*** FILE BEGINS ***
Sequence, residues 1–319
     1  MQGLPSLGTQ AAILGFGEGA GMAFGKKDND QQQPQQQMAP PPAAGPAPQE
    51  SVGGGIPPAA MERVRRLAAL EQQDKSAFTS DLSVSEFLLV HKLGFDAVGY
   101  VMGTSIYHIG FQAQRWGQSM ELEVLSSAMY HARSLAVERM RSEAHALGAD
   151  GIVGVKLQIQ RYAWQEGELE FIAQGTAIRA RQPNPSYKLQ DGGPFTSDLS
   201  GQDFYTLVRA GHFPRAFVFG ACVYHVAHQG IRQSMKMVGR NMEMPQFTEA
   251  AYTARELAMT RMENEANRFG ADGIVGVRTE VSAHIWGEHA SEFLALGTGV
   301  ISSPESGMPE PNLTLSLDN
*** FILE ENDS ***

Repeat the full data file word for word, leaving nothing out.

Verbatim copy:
Sequence, residues 1–319
     1  MQGLPSLGTQ AAILGFGEGA GMAFGKKDND QQQPQQQMAP PPAAGPAPQE
    51  SVGGGIPPAA MERVRRLAAL EQQDKSAFTS DLSVSEFLLV HKLGFDAVGY
   101  VMGTSIYHIG FQAQRWGQSM ELEVLSSAMY HARSLAVERM RSEAHALGAD
   151  GIVGVKLQIQ RYAWQEGELE FIAQGTAIRA RQPNPSYKLQ DGGPFTSDLS
   201  GQDFYTLVRA GHFPRAFVFG ACVYHVAHQG IRQSMKMVGR NMEMPQFTEA
   251  AYTARELAMT RMENEANRFG ADGIVGVRTE VSAHIWGEHA SEFLALGTGV
   301  ISSPESGMPE PNLTLSLDN